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Overdraft: How AnaOno’s Founder Got Back to Black

Dana Donofree, founder of AnaOno
In this series, I speak with people who know what desperate feels like. While now blooming into success, these founders share with me their deeply personal financial struggles and lessons learned on their way back to black.

Dana Donofree was diagnosed with breast cancer at 27. When she should have been planning her wedding, she was instead fighting for her life. During her treatments, she saw a gap in the market—post-mastectomy bras that weren't designed for her mother’s generation. Reconstructive surgery changed her body, but she wasn’t willing to give up her sexuality.

While still in treatment and working a full-time job, Dana started AnaOno, an intimates brand that marries feminine details with designs meant to support post-op bodies. That brand is now Dana’s lifeblood. Her bras ship to women around the world, and are carried in Soma stores across the U.S. But getting here wasn’t easy. When AnaOno graduated from a side hustle to Dana's sole source of income, the cash flow stopped. And she was still paying expensive medical bills.

In Dana’s words:

It was right after my last exchange surgery when I started to develop and create the idea for AnaOno. But cancer a lot of times doesn’t end with that last chemo treatment. I was on hormonal therapy for the last seven and a half years. That means monitoring by your physician every three months. It means going into one doctor or the other to get your checkups, get your blood drawn, get your medications. In the U.S. especially, cancer is a massive financial burden. Just like you pay your electricity bill to keep the heat on, you have to budget money to pay for your medicine. When I was diagnosed, it almost bankrupted us. We used our wedding fund to pay for my medical bills.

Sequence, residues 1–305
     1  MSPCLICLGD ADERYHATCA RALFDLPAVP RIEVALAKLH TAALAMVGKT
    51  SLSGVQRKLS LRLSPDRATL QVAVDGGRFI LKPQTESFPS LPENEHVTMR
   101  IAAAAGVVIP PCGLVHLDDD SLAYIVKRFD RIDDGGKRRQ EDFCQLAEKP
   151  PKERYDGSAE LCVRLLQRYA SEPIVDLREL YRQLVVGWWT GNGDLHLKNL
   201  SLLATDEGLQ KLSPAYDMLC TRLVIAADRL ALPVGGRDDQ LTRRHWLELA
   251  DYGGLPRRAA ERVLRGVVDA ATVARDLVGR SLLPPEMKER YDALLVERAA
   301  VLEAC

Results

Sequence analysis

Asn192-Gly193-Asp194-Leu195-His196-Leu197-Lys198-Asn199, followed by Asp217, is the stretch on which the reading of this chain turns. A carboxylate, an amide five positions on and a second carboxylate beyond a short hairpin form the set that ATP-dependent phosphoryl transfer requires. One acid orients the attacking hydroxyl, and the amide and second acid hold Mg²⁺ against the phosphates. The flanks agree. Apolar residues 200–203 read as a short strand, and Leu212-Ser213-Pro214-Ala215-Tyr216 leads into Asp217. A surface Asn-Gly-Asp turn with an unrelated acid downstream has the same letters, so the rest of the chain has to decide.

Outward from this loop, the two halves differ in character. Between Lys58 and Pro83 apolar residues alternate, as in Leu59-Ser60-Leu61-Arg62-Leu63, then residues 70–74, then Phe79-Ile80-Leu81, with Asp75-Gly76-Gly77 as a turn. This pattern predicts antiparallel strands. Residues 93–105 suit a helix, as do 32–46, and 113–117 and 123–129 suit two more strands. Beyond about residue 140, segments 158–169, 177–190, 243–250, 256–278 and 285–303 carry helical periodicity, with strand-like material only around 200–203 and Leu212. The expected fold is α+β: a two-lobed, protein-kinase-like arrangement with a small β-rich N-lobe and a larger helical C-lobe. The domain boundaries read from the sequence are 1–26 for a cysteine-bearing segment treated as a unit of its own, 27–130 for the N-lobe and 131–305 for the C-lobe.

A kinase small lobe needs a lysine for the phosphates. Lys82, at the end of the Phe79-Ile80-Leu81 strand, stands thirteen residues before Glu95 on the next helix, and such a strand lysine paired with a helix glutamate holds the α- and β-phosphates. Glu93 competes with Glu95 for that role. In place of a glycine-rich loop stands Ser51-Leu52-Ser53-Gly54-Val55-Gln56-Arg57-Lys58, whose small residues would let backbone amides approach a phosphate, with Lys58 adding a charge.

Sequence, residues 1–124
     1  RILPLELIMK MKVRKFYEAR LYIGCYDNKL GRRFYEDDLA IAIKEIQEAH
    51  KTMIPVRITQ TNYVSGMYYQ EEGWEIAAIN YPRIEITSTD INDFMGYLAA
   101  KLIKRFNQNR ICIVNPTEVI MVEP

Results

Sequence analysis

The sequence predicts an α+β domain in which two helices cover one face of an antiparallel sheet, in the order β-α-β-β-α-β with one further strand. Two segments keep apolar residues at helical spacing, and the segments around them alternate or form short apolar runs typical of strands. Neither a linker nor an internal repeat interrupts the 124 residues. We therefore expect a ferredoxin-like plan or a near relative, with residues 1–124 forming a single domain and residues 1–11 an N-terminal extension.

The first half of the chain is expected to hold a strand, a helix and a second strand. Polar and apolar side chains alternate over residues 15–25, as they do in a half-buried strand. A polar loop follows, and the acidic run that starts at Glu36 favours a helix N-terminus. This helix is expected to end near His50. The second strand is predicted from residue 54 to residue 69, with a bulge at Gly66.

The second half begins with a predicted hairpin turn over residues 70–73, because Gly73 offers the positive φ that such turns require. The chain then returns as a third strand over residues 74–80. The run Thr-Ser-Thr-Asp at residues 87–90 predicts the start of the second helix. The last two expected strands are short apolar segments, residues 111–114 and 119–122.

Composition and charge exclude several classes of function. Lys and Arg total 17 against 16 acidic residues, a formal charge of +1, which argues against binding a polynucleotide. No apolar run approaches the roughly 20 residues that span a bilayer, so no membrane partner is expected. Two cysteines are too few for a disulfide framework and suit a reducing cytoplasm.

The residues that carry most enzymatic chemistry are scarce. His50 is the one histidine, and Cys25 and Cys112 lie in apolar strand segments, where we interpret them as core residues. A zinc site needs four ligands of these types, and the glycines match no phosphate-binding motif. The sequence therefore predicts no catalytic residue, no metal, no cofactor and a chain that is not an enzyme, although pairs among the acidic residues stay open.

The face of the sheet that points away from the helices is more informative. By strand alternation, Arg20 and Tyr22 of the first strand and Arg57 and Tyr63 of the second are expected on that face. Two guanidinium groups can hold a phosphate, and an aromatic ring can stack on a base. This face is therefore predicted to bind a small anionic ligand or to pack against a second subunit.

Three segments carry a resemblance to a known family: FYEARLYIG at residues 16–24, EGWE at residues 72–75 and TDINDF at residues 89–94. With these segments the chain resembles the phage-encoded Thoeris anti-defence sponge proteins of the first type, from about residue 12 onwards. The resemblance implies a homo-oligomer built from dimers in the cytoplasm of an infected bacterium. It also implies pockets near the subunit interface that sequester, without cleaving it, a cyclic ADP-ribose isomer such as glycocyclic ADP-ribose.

When the business became so demanding, I could no longer do that and hold my full-time job. The cash flow abruptly stopped. What I wasn’t necessarily prepared for, because I didn’t budget and plan, was how useful that constant cash flow was while developing the business. I had to take a real true honest look at my lifestyle. Now I have to sit down weekly and check and see how much money I have. I feel like I’m back in my college days where I was getting waitressing gigs and saying, “God, I only have a hundred more dollars for the week, how am I gonna fill up my gas tank and buy groceries?” You know, you have to decide what’s more important.

When I was diagnosed, it almost bankrupted us. We used our wedding fund to pay for my medical bills.

When I’m having a moment of doubt, I will open up my email or I will get a phone call, and it will be somebody sharing with me how much their life has been affected by the work I’ve been doing. That’s my reminder that I have to keep going no matter how tough it is. I cannot quit. I cannot quit unless it quits on me. My advice to anybody thinking about starting a business is that if you are going into it purely and solely for the money, you are doing it wrong.

An advertisement to read Overdraft: a series of stories about deeply personal stories of financial struggle.

I wanted to provide a premium product at an affordable price because I know cash is strapped [for women with cancer]. I know that it’s difficult to get what you need when you’re paying your doctor bills and you’re paying your rent and you’re making your car payments. Just really trying to give my community the best product for a price that they can afford is hugely impactful for me. You gotta balance business but you also gotta balance what’s important to you and important to the community.

Illustration by Germán González